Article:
CHERY TIGGO 8: A million kilometers makes the big difference by Malaya Business Insight

CHERY TIGGO 8: A million kilometers makes the big difference

WHEN the Chery Tiggo was launched in 2019, Chery Auto Philippines Inc.  President Rommel Sytin was wowing the crowd by operating the Tiggo 8’s appendages—opening its rear hatch, lowering and raising the driver side window, and even starting the engine to cool down the car before boarding–all from a smartwatch. It was impressive then, continues to be impressive now.

“Impressive” is important to a brand trying to resurrect itself. For the second time. Chery is not new to the market. But the aftertaste of the past made it difficult to bring a good image of the brand.

Chery came in at the wrong time. Though it was the cheapest car in the market back in 2007 when the first QQs were introduced, the company was not ready for the international market. It has sloppy workmanship, bad plastics, engine variations that caused parts issues. When it regrouped in 2009 as Chery Motors Philippines, Inc. a lot of the service, parts, inventory, and sales issues were solved. Good enough to bring it back into the black and put it on the block to new owners.

The second reincarnation wasn’t so good. Interested only in divesting the group sold franchises to dealers to allow them to purchase cars and parts on their own. The result was a broken brand, which required the automotive brains, marketing and financial power of the United Asia Automotive Group, Inc. (UAAGI) to fix. It was very brave of UAAGI to bring back Chery, but it did its homework well.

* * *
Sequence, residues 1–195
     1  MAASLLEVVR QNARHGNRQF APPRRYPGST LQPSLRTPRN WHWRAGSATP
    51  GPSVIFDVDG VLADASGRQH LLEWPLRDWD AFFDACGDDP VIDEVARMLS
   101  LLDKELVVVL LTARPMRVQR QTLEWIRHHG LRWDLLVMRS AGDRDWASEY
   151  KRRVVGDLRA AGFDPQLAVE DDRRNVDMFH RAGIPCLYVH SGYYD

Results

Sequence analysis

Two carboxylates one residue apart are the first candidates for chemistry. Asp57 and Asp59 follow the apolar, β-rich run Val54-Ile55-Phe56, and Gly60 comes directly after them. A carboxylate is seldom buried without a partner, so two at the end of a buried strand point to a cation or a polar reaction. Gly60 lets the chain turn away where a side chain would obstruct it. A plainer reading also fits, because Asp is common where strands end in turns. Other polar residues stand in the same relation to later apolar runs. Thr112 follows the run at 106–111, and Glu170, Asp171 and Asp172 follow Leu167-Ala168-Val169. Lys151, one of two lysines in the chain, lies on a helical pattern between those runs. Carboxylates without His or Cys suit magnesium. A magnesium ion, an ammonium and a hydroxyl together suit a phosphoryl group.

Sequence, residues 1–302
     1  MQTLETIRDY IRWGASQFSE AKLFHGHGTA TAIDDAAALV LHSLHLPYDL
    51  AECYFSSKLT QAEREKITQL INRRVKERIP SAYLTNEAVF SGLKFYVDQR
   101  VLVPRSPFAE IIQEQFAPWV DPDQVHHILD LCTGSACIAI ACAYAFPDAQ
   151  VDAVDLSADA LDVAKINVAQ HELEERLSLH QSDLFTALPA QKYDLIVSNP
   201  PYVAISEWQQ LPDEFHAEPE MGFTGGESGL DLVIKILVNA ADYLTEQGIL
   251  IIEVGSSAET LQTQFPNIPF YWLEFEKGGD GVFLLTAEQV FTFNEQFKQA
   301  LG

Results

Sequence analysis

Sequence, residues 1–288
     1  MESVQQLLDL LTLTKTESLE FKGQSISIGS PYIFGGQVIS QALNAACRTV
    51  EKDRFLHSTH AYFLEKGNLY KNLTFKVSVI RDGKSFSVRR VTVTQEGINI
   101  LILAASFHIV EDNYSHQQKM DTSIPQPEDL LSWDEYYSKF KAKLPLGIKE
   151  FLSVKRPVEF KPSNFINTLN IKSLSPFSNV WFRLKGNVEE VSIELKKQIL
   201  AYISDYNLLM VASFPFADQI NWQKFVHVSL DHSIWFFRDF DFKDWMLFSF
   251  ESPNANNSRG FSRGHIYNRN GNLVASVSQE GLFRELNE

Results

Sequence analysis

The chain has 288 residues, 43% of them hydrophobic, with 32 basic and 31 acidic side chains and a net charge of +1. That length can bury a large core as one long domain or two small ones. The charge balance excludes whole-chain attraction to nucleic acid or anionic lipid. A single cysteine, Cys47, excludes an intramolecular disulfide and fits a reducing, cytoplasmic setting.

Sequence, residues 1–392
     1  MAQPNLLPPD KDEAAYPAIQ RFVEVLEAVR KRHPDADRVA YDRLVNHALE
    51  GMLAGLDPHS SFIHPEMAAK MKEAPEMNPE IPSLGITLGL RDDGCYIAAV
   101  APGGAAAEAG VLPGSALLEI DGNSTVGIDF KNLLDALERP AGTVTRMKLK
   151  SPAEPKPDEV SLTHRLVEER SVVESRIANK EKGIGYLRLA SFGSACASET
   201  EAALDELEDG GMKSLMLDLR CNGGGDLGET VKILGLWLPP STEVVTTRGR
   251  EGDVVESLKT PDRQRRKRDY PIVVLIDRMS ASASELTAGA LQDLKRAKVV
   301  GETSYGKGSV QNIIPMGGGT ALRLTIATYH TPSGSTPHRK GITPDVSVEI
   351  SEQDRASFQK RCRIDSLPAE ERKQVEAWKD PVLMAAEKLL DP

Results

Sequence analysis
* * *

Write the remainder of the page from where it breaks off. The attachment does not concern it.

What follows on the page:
It focused on just SUVs. A growing segment, easily replacing sedans Chery’s Tiggo, unlike its QQ suffered almost no product failures and had a strong market position in the Philippines. The Tiggo was a trusted vehicle, selling about 1,300 units under the previous brand owners.

For this test drive we had the luxurious Tiggo 8 seven-seater crossover. From the time of the turnover of the Tiggo 8, it was nothing but good impressions. The deep red color of the car, the sharp line and massive front grille, the stance (eagerly European, but slightly Korean from a right quarter angle view) had poise and elegance. I had approached the car from a pessimistic perspective, wanting to find fault from the get go, but I found none.

Under the hood is a 1.5-liter turbocharged four-cylinder engine that can churn out 145 horsepower and 210Nm of torque. That is not bad for the size and weight of the car. I had wanted more in terms of numbers, but specifications are confirmed behind the wheel. And Tiggo 8 looks fast. But does it drive fast and drive well?

The pleasures start as soon as one takes the driver’s seat. The full keyless entry signals “go” when you hear a hushed but audible chime, similar to those signals of an elevator door closing or an app completely loading. Apart from that the Chery log appears on the large 10.25-inch infotainment screen. When all is done, that is when you are ready to go. Push the start button to activate the car.

Materials on the seats and the steering wheel are the second set of great impressions. According to Chery literature, these are the same as used in upscale automotive brands. I have to say that it is not lipservice. The quality of the materials are very European, German, I can say and the quality of the stitching is world class. Let me just state that Malaya Business Insight is in the bottom heap of the lending chain. After the top dogs and big guns complete their reviews you find us, along with other insignificants.